The lunacy started at the top. Earlier this week, Netanyahu’s office has released a statement saying that “welcome to Palestine” campaign “is part of a continuing effort to undermine Israel’s right to exist.” This call for action was supposed to expire long ago from over use (I wonder what doesn’t make, in Netanyahu’s eyes “an effort to undermine Israel’s right to exist?”), but it did spark the desired result in the government. Internal Security Minister Itzhak Aharonowitz (Israel Beitenu) has put his forces on high alert, promising “not to let the hooligans enter Israel,” and senior police officers promised “harsh treatment” for those who will manage to board their flights to Tel Aviv.

The real nugget was revealed today, after Tourism minister Stas Misezhnikov has sent his people to the airport to hand flowers to those arrivals that are not planning to travel to the West Bank. “Handcuffs to the activists, flowers to the tourists,” one of the headlines read. The tourism office, it was reported, fears that arrivals to Israel will “meet unpleasant sights of riots and arrests.”

“My office will welcome ["normal"] tourists in a respectful way that will convey the message that Israel is safe, advance and attractive place to visit,” minister Mazesnikow told the press, in a statement that would have reminder the practices of the Soviet regime, if I wasn’t sure that Mazesnikow, a Russian immigrant, would know better.

There is a deeper point to make here: By dividing the tourists to “evil” ones and to “good” and “honest” ones, according to their political motivation and their views on the Palestinian issue, Israel is confirming the logic of the BDS movement – that any business or contact with Israel is political, and would probably serve Israeli policy. Much in the way the Israeli Foreign Office promotes on his Facebook wall articles on artist who plans to visit Israel next to pieces denouncing the Palestinians, the tourism office now views every visit to the county, be that for business, religious or personal reasons, as a sign of support in the face of “an effort to undermine our existence.”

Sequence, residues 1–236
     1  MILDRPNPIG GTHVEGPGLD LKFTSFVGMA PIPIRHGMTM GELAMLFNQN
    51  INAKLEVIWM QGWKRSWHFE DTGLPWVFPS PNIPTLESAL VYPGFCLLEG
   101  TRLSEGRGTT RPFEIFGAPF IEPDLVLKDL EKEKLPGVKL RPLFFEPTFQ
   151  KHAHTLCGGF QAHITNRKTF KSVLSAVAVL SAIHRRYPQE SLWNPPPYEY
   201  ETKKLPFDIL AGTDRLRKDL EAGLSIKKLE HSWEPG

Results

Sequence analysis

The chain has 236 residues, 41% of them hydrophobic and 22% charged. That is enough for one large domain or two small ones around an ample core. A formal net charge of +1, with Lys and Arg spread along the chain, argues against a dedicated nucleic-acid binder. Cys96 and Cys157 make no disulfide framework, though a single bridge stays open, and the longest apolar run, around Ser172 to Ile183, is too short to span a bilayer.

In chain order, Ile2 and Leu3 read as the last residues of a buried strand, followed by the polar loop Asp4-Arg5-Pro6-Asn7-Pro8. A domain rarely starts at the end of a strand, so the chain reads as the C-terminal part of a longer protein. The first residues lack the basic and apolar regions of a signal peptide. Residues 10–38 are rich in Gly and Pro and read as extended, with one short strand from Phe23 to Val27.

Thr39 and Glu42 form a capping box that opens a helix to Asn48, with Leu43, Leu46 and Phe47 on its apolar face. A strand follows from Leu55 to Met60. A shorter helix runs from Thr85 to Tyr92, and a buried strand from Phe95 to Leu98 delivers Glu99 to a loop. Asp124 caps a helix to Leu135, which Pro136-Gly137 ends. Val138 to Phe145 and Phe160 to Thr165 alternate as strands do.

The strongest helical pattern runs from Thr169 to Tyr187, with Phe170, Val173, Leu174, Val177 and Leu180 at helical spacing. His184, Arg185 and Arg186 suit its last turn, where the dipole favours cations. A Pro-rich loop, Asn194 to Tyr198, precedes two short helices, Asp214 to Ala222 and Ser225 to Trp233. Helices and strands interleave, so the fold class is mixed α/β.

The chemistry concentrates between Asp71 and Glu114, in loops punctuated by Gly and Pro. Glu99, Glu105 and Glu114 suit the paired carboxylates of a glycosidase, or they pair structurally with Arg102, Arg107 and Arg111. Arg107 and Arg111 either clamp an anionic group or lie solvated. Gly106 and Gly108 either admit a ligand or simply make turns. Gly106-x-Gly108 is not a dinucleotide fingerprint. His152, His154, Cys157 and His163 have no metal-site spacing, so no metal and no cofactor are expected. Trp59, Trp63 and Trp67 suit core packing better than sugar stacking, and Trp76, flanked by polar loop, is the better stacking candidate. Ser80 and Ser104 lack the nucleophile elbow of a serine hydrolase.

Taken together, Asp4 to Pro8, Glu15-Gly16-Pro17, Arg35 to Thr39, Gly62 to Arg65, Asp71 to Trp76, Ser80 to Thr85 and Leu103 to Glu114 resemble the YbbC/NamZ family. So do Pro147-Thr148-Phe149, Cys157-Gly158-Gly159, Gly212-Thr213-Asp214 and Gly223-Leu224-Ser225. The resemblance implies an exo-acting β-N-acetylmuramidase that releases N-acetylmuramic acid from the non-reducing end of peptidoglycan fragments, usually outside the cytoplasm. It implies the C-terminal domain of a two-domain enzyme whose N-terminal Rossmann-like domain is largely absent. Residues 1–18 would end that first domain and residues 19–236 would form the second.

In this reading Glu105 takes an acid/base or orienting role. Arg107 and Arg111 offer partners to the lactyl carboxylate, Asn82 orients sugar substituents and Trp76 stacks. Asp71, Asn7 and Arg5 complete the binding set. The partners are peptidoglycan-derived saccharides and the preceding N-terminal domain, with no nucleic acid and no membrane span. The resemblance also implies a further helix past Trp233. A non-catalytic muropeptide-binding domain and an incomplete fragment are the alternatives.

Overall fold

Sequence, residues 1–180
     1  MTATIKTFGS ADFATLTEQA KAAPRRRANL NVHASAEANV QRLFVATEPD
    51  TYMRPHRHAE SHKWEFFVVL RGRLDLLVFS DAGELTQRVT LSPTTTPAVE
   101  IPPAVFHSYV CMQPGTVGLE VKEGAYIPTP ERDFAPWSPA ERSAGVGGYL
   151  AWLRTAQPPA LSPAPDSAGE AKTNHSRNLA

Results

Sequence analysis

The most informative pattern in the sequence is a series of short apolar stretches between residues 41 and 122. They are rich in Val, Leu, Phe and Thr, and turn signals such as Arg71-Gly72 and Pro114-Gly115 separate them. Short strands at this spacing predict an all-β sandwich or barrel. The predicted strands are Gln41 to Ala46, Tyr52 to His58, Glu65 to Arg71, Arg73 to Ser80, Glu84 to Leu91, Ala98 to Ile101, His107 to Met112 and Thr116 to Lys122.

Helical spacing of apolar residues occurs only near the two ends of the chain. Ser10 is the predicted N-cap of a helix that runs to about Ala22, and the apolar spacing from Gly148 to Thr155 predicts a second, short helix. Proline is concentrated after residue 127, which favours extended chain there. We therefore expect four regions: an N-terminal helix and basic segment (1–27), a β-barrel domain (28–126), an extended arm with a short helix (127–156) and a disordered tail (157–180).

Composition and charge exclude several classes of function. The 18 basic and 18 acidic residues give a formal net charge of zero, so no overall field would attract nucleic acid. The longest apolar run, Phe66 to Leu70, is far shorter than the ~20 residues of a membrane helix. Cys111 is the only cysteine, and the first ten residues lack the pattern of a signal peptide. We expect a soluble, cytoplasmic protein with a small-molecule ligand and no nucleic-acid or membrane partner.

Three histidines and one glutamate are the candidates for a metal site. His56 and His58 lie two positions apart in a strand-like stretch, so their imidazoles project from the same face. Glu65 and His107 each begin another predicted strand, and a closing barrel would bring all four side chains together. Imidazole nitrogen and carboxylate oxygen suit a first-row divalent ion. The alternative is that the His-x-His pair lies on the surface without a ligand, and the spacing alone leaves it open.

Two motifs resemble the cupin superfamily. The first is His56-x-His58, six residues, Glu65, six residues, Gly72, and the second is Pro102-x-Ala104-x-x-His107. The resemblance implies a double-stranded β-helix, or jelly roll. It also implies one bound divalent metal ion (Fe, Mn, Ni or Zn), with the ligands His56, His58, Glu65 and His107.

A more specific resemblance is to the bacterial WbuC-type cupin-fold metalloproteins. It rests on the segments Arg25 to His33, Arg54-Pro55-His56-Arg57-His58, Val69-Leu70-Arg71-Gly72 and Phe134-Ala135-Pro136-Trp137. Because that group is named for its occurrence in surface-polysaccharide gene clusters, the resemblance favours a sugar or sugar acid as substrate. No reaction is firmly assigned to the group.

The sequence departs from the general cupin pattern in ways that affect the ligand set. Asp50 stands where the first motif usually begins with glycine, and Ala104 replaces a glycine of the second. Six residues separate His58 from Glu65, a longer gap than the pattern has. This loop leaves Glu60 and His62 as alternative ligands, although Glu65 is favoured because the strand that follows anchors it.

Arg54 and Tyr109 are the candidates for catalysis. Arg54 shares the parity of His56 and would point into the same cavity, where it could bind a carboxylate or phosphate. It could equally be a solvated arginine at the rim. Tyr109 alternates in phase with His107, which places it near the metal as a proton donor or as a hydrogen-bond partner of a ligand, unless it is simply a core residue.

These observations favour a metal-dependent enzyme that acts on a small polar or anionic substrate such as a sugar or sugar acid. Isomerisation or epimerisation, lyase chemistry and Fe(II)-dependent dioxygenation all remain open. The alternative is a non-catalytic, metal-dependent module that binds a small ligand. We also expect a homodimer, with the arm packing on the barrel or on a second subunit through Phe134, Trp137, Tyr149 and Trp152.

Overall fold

—————

In recent days, government officials have made a single talking point regarding the “Welcome to Palestine” campaign: that every country has the right do defend its sovereignty. If the United States, France and Japan can reject people from entering their territory without bothering to cite their reasons, why can’t Israel? Yet these are the same people who on any other week of the year deny even the term “occupation”, claiming that since the Oslo agreement, “Palestinians control their own lives.” PR people and supporters of the Israeli government repeat this idea all the time, and while everyone familiar with the reality in the West Bank knows that the Palestinian Authority has more or less the authority of a local US municipality, it is always surprising how widespread is the notion that Israel has effectively removed its control from the territories.

Here, for example, is a quote the glossary section in the internet site of the Propaganda organization “Stand with US

Israel never formally annexed the West Bank or Gaza, and the Palestinians are not Israeli citizens and wish to have their own state. Today, Palestinians have their own government, the Palestinian Authority.

This is Morton Klein, head of Zionist of America, in often-cited 2002 article titled “There is no Occupation“:

Following the signing of the Oslo accords, the Israelis withdrew from nearly half of the territories, including the cities where 98.5% of Palestinian Arabs reside. The notion that the Palestinian Arabs are living under “Israeli occupation” is simply false. The areas from which Israel has not withdrawn are virtually uninhabited, except for the 2% where Israelis reside.

And this is another mouthpiece for the occupation, Washington Post’s blogger Jennifer Rubin:

Now ninety-five percent of Palestinians are under the jurisdiction of the PA, which is responsible for everything from local police to schools. Israel’s official interaction with West Bank Palestinians is limited to intelligence gathering and extraction of terrorists.